Good and bad pain during training

Good and bad pain during training

They can be burning, throbbing, or stabbing. Pain has many faces and usually warns us of health risks. Pain can also occur during exercise. However, there are good pain and bad pain during exercise. Here is the difference:

Properly trained or overdone?

Nature has arranged it that way. If you want to train effectively to improve continuously, you have to push your limits every now and then. However, it is essential not to exceed this limit if possible. Otherwise, there is a risk of overtraining and injury. That’s why it’s crucial to understand and decipher your body’s language. This is especially true when it comes to pain during training.

Good pain during training

Of course, pain should be avoided as much as possible, but it is sometimes unavoidable during exercise and not a big deal. If you find it challenging to go up or down the stairs after a workout, that’s perfectly OK. However, you should only feel sore in the muscles that you used during your training. Even mild muscle soreness is not dramatic. It usually occurs the next day. However, it should not last longer than 48 hours. If it lasts longer than that, you have overdone it in your training.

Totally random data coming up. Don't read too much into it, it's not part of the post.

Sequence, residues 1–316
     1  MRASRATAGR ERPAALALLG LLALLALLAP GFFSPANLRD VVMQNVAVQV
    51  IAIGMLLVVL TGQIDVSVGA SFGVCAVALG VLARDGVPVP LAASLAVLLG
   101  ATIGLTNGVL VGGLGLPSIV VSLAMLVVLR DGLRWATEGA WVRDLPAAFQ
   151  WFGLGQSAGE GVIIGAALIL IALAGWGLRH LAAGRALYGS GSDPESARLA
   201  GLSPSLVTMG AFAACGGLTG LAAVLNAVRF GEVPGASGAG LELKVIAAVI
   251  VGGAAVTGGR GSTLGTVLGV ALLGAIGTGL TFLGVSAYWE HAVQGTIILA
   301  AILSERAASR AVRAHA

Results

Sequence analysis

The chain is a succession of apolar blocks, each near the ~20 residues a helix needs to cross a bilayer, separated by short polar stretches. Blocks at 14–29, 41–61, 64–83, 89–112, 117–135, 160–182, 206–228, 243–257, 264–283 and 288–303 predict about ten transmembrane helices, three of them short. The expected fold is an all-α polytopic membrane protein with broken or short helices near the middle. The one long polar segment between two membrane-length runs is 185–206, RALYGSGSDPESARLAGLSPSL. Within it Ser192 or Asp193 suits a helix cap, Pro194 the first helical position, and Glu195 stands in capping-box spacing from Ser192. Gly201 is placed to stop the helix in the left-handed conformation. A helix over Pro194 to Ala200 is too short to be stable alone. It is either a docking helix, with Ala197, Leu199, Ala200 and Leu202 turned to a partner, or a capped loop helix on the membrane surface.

Lumbago is a bad pain
Back pain like sciatica is quite common (ⓒadpic)

Bad pain during training

If you are exercising and suddenly get a sharp pain, and in a specific area, it is usually not a good sign. Here are three examples of pain where you should stop your fitness program and possibly see a doctor:

  • Strained muscle: A sudden strain during exercise can be a sign of a pulled muscle. Sometimes a short rest is enough, and the muscle recovers. If you are lucky, you only have a slight strain. It is worse if the affected area hurts even with small movement or if the pain lasts longer than a week. Then please see a doctor.
  • Sciatica: Sciatica or ischialgia is relatively standard. This is usually the case when you feel a sudden, stabbing pain in your back. In some cases, it may be enough to continue moving carefully. But sometimes, you need to take a break because the muscles have become very tense. Heat can help, as can a professional massage.
  • Worsening ache: If the ache gradually gets worse during exercise, it could be that you are putting too much strain on your muscles. This is often due to muscular imbalances. In this case, it is advisable to reduce the intensity of the training. If that is not enough, it is better to take a break. A good sports physician or physiotherapist can make a diagnosis if the problem occurs more frequently.

Note: This article is well researched but cannot replace a visit to the doctor.

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